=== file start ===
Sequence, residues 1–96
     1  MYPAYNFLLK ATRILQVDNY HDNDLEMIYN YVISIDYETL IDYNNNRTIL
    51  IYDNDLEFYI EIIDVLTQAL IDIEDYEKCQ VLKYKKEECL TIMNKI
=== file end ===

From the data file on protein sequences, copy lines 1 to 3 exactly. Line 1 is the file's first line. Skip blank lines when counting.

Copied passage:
Sequence, residues 1–96
     1  MYPAYNFLLK ATRILQVDNY HDNDLEMIYN YVISIDYETL IDYNNNRTIL
    51  IYDNDLEFYI EIIDVLTQAL IDIEDYEKCQ VLKYKKEECL TIMNKI